The learning was experiential, my best way of learning: concepts became flesh and blood, lived out, played out in people instead of intellectually appreciated, memorized, or analyzed.
    I felt that rather than my heroic self, I was able to be my inner self, my true self. The supportive atmosphere and kindness of others especially my team and companion made it a safe place to be vulnerable, to be my true self. I knew of my teammates only what they said and did and how they were in this otherworld, not in the real world; so my learning of their character and personality was direct; age, history, professions, politics, all was unknown or irrelevant because we interacted in the context of what was happening in otherworld. The barriers that might have separated us in the real world, or that might have made it take longer to know and trust each other, were down.
    I’m still puzzling out how this occurred; there are many details of the structure of otherworld and the staff culture that I think enabled such relationships and learning to flourish.
    The story arc was increasingly intensely emotional for me. I still tear up thinking of certain scenes played out or told to me. Why was something unreal so real? The weekend in otherworld was in certain ways the experiencing of a utopia: a community valuing truth, kindness, love, self-sacrifice, idealism, respect for others, goodness, teamwork, inclusion, compassion, acceptance, civility, appreciation of the smallest to the biggest contributions. I sensed this among the staff even as they were packing up before I lerft, that the community values re-established or represented by the plot resolution at the end of the weekend are in fact the values of the dominant culture created when this group of people is together. I even had a vision or insight of each of us as ambassador trying to make this culture more real in the outside world, bringing back our enlightenment to the rest of the world, somehow, in our ordinary lives….
    I had tears streaming down my face in the tavern on the last day, not wanting to leave such a community, or its magic.
    At my ripe old age (mid-fifties), having experienced much of the internal, intense journey that occurs when you are raising children, I did not think there was another way to make such an intense journey in life… but there is!! and I am so much richer for it. Thank you Otherworld and everyone involved, staff and participants, and especially my team and companion. P.S. I loved being outdoors and being so active, and in such a beautiful woods setting.
    Lucy (April, palladin of Arden)


  39. Bill Hincks
    Posted October 14, 2010 at 11:45 pm | Permalink

    Eric, you have indeed summed up nicely a weekend that is ‘very’ difficult to describe. I agree with the sentiments expressed by others earlier that I have come to feel that all of the participants of Otherworld are now friends in some fashion, for I think that we have all found a common thread within ourselves that speaks strongly. I’m not aware of a single person that walked away from this past weekend thinking ‘Ehhh’ or ‘this is silly’.

    The story is fantastic and if you embrace it, it will hug you back. I am still rolling in the afterglow of it all. This will always be one of the best thing that I have done.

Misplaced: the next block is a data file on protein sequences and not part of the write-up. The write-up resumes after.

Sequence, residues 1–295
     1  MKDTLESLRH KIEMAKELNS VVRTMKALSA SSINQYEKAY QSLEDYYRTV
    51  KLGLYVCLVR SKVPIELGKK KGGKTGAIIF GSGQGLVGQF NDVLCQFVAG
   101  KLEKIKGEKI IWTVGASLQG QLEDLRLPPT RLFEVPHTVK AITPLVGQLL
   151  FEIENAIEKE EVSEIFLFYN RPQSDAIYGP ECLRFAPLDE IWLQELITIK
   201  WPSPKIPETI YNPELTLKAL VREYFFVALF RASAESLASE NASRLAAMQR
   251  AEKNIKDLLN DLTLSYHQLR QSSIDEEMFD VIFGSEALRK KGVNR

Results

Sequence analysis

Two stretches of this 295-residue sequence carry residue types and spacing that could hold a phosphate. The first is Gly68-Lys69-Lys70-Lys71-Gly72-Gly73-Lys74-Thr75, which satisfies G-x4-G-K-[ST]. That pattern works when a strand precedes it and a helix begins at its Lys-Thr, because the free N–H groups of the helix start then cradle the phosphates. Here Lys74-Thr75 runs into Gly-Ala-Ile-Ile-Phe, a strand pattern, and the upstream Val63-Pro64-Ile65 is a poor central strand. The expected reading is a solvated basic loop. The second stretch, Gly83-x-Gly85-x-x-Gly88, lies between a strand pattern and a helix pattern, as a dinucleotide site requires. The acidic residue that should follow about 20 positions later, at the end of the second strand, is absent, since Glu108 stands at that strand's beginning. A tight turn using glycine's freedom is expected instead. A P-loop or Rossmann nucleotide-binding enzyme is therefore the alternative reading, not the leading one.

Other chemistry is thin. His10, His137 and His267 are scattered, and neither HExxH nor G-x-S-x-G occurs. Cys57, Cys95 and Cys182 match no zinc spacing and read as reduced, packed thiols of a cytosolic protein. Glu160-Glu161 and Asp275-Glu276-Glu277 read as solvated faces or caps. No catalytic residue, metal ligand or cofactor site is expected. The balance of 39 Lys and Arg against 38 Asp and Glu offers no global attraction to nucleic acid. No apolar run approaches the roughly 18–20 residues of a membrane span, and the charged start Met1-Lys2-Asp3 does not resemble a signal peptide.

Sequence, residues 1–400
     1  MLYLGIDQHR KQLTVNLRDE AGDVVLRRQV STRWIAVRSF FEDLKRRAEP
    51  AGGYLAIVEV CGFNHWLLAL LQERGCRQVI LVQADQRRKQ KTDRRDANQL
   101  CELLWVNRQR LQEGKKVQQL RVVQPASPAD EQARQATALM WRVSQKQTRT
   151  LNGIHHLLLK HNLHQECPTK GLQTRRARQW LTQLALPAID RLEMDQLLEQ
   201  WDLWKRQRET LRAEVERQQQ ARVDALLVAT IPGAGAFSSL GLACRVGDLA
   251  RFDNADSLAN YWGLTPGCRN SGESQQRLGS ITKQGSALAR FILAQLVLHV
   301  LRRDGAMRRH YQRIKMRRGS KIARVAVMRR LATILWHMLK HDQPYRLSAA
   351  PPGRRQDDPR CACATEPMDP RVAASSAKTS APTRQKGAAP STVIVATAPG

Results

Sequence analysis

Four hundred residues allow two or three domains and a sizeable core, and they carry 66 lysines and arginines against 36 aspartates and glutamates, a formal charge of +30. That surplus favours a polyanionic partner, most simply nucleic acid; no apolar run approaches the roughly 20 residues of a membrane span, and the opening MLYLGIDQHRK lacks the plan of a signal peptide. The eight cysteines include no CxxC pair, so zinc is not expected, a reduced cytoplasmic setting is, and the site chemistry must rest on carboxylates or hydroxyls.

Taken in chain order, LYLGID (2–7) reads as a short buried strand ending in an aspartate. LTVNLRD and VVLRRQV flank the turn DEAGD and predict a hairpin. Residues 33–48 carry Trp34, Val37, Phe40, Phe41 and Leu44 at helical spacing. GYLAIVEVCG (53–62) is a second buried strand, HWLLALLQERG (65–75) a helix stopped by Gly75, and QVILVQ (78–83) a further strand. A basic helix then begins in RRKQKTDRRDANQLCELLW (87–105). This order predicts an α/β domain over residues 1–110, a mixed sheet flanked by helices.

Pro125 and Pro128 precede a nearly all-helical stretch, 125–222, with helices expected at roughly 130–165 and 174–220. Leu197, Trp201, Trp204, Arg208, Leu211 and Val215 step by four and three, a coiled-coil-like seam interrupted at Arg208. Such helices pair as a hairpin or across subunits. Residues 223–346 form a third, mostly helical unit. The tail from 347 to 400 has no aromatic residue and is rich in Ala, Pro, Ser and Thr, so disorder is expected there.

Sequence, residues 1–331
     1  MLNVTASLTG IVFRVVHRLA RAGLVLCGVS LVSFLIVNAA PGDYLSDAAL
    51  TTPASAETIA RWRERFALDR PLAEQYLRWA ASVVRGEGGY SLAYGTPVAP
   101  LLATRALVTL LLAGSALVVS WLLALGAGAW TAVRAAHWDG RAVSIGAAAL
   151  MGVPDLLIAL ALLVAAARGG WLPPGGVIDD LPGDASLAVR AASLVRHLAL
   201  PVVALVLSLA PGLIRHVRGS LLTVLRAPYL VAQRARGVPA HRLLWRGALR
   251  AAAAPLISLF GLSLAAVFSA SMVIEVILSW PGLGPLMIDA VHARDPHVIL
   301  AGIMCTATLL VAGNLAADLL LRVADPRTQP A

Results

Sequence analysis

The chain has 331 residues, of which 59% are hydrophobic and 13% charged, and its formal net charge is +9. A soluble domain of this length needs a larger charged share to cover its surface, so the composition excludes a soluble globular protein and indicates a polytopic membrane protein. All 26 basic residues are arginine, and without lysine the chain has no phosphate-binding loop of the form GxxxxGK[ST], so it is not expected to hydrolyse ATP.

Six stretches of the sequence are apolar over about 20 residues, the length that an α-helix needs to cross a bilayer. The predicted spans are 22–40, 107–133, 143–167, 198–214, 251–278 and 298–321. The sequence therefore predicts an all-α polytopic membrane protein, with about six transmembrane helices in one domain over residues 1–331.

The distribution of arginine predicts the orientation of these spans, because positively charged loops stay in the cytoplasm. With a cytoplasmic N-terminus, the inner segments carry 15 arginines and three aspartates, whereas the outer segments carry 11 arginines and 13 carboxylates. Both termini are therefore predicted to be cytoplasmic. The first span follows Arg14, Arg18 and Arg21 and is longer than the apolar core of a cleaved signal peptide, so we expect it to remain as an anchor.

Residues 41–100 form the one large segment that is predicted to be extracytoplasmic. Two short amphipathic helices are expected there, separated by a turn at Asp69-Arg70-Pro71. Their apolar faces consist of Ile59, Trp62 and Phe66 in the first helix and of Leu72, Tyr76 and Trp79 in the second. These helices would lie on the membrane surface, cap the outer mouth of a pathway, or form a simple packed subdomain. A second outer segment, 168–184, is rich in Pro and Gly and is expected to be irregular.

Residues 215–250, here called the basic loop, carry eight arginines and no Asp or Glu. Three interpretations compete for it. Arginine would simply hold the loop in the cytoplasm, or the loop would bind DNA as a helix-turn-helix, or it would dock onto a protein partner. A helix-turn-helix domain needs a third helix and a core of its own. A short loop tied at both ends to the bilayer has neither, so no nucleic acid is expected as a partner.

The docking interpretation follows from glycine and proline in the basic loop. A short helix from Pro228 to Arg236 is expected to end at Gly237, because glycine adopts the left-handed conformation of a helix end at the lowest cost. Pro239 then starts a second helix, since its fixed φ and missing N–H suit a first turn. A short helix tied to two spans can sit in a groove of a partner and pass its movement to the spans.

Thanks for keeping the thread alive.

    Bill / Hawk (Ranger of Uri-Kesh)


  40. braine (Darrick)
    Posted October 11, 2011 at 11:32 pm | Permalink

    I was Darrick, the ranger from Waylon, this year. And yes, pal, you nailed it. The only thing I was prepared for after reading your post was being moved. And then I was moved way beyond that. Thanks for suggesting that I go.


  41. Neo
    Posted February 23, 2014 at 9:33 pm | Permalink

    I know you may never read this comment… but is there anything remotely like this in Europe? I would want to participate!


  42. Eric Berlin
    Posted February 24, 2014 at 8:34 am | Permalink

    I’m afraid I have no idea what European counterparts there might be to Otherworld — sorry.


  43. Posted March 10, 2015 at 8:30 pm | Permalink

    From another participant (back in 2004) thank you. Nice to see a professional writer apply his skills to the problem of explaining Otherworld. I liked what Lucy (April) had to say as well… remembering brings a tear to my eye. The community created around Otherworld, the dominant culture of paying forward, helping other people find something wonderful, is interesting to me. I would love to see it spawn a copy of itself in Europe (or in other parts of the US, for that matter).

    The men of Keer are pretty, the girls of Keer are brave,
    Our mages and our rangers are often quite depraved.
    While there may be danger, there’s also lots of fun,
    And when we’re in the tavern, there’s lots and lots of Rum! (8)

    Drink up, drink up, and raise a song to praise the hearty few,
    Whose wits are sharp, whose courage strong, whose hearts so pure and true.
    Raise a glass and toast to them, for everyone agrees,
    ‘Tis better to die upon your feet than live upon your knees.


2 Trackbacks

  1. By Plan ahead on October 26, 2010 at 10:36 am

    […] you enjoyed reading about my experience in Otherworld, and think you might want to participate in next year’s run, then listen up: The dates for […]


  2. By Pack your cloak and magic wand on May 11, 2011 at 6:59 am

    […] about six months ago when I wrote about my trip to Otherworld? How I was uneasy about joining what amounted to a real-life D&D game and wound up having one […]